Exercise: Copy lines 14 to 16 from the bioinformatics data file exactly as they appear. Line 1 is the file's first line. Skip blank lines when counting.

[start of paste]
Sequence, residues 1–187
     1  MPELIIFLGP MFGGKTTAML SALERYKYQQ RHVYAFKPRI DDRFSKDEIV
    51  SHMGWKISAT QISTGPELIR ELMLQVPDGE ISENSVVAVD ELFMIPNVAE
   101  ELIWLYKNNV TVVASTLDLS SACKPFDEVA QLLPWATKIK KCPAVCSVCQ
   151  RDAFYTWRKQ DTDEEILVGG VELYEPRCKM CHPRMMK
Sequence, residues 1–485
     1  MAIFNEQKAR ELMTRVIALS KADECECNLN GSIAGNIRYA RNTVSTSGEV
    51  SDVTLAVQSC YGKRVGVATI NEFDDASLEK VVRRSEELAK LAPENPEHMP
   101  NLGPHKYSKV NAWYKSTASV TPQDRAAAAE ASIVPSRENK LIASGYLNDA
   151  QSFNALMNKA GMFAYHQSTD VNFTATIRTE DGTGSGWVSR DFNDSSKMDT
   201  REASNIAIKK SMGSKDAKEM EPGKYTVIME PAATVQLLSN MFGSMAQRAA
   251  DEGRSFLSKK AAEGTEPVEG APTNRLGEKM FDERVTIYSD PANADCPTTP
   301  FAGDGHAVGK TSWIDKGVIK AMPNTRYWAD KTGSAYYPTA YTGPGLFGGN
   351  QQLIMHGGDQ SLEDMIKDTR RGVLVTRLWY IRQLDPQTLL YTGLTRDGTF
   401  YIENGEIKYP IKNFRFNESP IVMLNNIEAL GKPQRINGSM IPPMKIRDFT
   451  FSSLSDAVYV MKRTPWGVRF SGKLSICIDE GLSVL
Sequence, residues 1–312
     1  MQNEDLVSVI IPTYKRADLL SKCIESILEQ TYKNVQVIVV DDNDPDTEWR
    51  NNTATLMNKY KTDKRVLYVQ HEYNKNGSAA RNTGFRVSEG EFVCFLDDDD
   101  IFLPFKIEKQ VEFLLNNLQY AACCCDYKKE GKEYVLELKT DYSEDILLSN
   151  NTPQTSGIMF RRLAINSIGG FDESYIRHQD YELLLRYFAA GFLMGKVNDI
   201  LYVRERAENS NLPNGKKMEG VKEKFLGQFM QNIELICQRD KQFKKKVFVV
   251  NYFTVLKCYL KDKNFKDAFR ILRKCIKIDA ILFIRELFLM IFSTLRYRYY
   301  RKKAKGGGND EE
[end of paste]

   351  QQLIMHGGDQ SLEDMIKDTR RGVLVTRLWY IRQLDPQTLL YTGLTRDGTF
   401  YIENGEIKYP IKNFRFNESP IVMLNNIEAL GKPQRINGSM IPPMKIRDFT
   451  FSSLSDAVYV MKRTPWGVRF SGKLSICIDE GLSVL